12 Apr (NucNet): Outside Japan there appears to be little ultimate change to energy policies directly attributable to the Fukushima-Daiichi accident in March 2011, a report by the Paris-based Nuclear Energy Agency says.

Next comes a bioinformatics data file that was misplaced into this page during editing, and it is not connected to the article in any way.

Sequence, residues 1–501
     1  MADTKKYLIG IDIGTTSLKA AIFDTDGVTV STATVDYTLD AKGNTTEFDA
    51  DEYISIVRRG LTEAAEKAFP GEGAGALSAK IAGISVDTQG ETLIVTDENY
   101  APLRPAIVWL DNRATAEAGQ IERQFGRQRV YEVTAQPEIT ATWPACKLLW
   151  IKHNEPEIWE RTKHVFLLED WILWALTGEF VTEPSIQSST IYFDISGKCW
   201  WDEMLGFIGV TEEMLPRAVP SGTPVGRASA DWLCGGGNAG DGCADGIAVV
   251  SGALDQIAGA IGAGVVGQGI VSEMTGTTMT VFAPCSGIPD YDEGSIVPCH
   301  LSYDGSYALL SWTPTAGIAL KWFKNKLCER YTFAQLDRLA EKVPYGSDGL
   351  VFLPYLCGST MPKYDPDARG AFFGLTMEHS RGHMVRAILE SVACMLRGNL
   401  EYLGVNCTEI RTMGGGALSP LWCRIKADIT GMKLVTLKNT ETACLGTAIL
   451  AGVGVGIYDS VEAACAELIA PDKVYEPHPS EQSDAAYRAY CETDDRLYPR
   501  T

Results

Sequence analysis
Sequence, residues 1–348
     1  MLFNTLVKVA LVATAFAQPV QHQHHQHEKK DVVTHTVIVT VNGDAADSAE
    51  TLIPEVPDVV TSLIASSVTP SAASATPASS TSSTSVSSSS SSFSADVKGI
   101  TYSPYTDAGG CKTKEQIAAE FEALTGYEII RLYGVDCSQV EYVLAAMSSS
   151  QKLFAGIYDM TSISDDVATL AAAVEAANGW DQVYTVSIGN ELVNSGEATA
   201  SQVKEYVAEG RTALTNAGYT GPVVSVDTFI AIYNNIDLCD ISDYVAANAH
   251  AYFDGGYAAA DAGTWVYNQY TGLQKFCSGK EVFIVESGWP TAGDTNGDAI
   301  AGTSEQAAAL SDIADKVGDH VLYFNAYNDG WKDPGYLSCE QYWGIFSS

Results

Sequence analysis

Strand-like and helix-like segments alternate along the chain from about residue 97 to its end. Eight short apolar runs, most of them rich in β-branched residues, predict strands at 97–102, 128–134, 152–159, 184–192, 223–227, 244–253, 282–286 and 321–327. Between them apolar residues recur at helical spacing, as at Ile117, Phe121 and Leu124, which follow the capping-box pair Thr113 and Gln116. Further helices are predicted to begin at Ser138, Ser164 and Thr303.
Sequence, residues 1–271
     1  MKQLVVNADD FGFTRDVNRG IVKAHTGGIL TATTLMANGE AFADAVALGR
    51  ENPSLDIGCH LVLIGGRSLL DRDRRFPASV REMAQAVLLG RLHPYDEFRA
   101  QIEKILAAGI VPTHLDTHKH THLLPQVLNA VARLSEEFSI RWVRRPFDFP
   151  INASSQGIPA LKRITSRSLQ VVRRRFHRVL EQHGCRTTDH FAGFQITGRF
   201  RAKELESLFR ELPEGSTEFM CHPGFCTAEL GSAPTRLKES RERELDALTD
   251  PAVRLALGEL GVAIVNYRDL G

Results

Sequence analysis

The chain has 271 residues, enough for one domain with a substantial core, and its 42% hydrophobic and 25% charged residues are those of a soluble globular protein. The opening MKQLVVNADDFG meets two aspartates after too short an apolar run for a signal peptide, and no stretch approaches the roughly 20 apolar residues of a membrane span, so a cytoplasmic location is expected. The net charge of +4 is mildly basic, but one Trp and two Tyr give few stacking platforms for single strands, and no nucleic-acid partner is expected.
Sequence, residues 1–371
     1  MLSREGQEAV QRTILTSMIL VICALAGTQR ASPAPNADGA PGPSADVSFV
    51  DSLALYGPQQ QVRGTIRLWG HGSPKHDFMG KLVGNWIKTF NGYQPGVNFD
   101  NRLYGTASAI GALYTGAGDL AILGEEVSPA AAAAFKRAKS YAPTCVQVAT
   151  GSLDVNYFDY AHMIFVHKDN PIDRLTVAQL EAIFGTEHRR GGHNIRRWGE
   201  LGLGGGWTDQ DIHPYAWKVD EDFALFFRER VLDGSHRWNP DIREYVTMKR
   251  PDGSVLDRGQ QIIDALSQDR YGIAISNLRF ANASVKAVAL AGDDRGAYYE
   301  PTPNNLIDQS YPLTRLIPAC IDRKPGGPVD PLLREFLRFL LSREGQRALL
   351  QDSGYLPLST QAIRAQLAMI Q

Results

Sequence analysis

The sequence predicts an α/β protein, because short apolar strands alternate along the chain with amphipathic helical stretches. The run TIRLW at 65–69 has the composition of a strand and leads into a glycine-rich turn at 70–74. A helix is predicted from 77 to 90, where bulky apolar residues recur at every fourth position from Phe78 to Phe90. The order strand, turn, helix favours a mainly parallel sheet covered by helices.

The report, which examines how the accident has affected energy policies, says in general, countries with previous commitment to nuclear power remained committed, and those with plans to phase out nuclear power accelerated those plans. Nuclear power development efforts have made significant progress globally, with 33 units starting construction and 38 grid connections, the report notes. However, some uncertainties remain in terms of policy responses to the event, most notably in the East Asia region. Overall, it is clear that projections have decreased from those of 2007-2011. A number of governments, particularly in Western Europe, have made policy changes as a result of the accident. But the report says it is also clear that, despite changes in some countries, most countries with nuclear power or with plans to add nuclear power to their energy mix have maintained an interest in developing the technology. In China and South Korea, there appears to be limited impact on long-term plans, as the governments still have very ambitious deployment plans. In Russia, where there are seven new units under construction, new capacity projections have decreased from 2009 owing to reduced needs and the financial requirements for such a steep build rate. The report is online: http://bit.ly/2p55dLw